2020-2021 Pilot Project Grant Awardees

Andreana Benitez, Ph.D.

Medical University of South Carolina, Neurology

High-dose Accelerated rTMS to Cognitive Control Neurocircuitry in MCI: A Safety and Feasibility Study

Mild Cognitive Impairment (MCI) is the pre-dementia phase of neurodegenerative disease in which both cognitive decline and neuropsychiatric symptoms begin to impact patient functioning. As there are no established treatments for MCI, our goal in this open-label trial is to establish the safety, feasibility, and preliminary efficacy of high-dose accelerated repetitive transcranial magnetic stimulation for neurocognitive rehabilitation of MCI. These data will form the critical foundation for future randomized controlled trials to devise the optimum rTMS therapeutic delivery (with variations in dosing, targeting, and patient syndrome indications) with the ultimate goal of dementia prevention.

Marian Dale, M.D., MCR

Oregon Health and Science University, Neurology

TMS for Modulation of Motor Control in PSP

The goal of this research is to develop effective therapies for debilitating balance impairment in progressive supranuclear palsy (PSP), a parkinsonian disorder with early and severe postural instability. The objective of this proposal is to investigate the effect of non-invasive, repetitive, cerebellar transcranial magnetic stimulation (TMS) on postural instability in PSP, by assessing balance before and after cerebellar TMS treatments and placebo treatments, using objective and sensitive outcomes. If successful, this proof-of-concept study for cerebellar neuromodulation in PSP will lead to better rehabilitation strategies in PSP, and may ultimately change the disease course of parkinsonism by increasing patients’ ability to maintain functional mobility.

James Sulzer, Ph.D.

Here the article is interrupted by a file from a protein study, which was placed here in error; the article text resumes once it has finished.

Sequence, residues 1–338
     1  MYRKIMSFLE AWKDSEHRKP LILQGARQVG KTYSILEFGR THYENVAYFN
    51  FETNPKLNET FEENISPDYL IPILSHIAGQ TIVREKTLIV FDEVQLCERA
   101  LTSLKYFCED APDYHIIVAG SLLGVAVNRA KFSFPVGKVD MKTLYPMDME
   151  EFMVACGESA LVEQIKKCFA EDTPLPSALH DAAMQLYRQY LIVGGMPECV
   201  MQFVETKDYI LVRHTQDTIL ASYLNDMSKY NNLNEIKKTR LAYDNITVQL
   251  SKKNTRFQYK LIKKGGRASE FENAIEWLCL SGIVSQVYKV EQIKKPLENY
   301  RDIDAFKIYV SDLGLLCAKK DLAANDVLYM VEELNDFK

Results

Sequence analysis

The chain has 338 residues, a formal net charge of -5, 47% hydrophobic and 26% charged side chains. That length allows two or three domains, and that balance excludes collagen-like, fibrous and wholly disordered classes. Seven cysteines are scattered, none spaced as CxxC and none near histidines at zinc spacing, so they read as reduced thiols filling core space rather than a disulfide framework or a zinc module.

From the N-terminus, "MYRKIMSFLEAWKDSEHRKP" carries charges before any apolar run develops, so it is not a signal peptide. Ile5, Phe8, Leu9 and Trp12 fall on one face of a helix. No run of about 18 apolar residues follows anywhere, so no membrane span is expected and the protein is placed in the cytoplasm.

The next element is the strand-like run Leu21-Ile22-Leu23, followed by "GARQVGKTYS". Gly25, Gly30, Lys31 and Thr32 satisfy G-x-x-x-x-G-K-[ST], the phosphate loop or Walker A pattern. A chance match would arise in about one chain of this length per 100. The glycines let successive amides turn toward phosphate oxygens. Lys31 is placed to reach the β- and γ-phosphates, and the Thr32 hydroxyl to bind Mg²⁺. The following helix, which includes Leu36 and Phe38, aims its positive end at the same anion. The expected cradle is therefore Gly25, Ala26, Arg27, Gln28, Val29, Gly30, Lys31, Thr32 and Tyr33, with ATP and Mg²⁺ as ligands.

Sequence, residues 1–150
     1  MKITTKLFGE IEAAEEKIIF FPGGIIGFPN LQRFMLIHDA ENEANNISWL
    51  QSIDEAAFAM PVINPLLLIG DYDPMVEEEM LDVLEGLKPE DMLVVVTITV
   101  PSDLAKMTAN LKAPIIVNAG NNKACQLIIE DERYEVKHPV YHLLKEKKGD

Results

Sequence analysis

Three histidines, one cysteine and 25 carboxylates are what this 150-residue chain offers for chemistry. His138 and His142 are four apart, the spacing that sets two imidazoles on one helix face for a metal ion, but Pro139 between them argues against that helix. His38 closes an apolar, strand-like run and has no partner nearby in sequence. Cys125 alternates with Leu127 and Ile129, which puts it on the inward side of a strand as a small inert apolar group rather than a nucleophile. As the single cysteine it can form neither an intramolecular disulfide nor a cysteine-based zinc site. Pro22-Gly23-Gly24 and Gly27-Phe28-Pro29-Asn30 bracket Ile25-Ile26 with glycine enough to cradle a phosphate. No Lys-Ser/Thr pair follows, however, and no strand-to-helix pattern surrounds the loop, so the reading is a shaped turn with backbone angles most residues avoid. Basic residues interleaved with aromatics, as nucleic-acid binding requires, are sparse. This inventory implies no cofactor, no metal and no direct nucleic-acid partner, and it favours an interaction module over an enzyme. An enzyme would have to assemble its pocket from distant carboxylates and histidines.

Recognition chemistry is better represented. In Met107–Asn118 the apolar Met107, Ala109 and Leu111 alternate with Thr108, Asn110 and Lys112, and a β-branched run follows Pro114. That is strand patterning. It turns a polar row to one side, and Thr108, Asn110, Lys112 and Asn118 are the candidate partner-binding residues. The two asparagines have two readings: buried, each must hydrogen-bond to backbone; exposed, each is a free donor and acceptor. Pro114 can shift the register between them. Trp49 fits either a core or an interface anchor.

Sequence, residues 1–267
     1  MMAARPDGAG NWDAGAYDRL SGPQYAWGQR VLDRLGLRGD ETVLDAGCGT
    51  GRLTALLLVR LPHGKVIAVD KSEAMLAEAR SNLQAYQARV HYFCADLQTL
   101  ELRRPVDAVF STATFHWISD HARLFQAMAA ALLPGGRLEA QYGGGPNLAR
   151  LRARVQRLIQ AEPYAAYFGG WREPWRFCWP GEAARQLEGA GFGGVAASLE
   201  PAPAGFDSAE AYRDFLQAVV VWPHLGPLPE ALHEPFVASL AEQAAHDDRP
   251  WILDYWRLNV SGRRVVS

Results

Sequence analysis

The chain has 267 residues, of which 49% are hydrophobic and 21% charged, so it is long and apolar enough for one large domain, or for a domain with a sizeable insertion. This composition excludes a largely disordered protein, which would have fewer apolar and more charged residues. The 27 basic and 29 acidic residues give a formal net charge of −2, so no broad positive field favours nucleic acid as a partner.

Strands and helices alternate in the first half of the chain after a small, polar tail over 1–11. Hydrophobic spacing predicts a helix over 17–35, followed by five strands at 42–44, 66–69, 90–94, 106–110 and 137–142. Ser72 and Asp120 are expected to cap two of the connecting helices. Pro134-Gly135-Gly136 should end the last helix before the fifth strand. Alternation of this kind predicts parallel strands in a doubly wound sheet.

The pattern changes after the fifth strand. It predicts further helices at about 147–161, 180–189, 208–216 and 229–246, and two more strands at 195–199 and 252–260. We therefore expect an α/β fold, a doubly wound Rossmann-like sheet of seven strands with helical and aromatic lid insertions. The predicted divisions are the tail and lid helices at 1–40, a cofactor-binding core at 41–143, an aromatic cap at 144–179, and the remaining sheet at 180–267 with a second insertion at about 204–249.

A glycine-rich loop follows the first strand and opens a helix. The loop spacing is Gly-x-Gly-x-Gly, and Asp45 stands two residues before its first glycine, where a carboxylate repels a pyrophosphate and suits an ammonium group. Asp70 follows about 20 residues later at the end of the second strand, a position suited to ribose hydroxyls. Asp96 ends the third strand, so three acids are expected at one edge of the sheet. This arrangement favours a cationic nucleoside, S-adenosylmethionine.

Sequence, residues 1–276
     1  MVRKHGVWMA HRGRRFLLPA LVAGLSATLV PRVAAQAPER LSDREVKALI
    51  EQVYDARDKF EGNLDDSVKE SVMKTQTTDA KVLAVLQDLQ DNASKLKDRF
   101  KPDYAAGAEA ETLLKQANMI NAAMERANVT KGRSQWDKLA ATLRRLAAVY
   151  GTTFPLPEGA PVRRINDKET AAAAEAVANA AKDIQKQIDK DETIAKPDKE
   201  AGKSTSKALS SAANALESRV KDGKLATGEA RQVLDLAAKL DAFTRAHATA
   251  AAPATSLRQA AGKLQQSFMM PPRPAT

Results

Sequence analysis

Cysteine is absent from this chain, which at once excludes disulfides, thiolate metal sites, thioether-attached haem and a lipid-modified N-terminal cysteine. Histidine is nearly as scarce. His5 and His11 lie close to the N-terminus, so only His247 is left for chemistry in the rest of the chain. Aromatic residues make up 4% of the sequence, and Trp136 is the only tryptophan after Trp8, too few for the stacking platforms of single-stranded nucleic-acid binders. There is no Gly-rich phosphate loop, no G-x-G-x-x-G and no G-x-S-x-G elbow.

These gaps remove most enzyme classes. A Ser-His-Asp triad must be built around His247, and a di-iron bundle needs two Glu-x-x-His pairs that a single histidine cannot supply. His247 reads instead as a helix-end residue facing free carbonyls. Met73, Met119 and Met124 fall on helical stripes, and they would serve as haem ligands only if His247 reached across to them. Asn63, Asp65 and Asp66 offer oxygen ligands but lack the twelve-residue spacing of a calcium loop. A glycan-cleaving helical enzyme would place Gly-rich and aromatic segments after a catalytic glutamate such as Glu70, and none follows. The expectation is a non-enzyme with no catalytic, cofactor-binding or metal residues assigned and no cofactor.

University of Texas at Austin, Mechanical Engineering

Simulating Operant Conditioning Performance

Operant H-reflex conditioning has great potential for treatment of reflex disorders without the adverse effects of drugs or surgery. However, we do not understand how operant H-reflex conditioning is processed by patients, risking enormous amounts of time and resources. Here we introduce a principled method of quantifying and eventually predicting the ability to perform operant H-reflex conditioning, resulting in a far more efficient way to improve training.

Lee Fisher, Ph.D.

University of Pittsburgh, Department of Physical Medicine and Rehabilitation

Preventing Episodes of Phantom Limb Pain in Lower Limb Amputees

Phantom limb pain is a debilitating condition that significantly reduces the quality of life of amputees. This work aims to study the mechanisms of phantom limb pain and pinpoint a biomarker that can be used by a device to non-invasively and non-pharmacologically prevent pain. In a time where opioid addiction is ever present, alternative, safe, and effective pain treatments are warranted.

Ryan Zarzycki, PT, DPT, Ph.D.

Arcadia University, Physical Therapy

Non-invasive Brain Stimulation to Improve Quadriceps Muscle Function after Anterior Cruciate Ligament Reconstruction

Outcomes following Anterior Cruciate Ligament Reconstruction (ACLR) are not optimal with high reinjury rates (one in four patients) and chronic movement asymmetries associated with post-traumatic knee OA development (up to 74%). Neurostimulation has the potential to improve quadriceps dysfunction via neural mechanisms, mitigate quadriceps dysfunction, and improve outcomes after ACLR.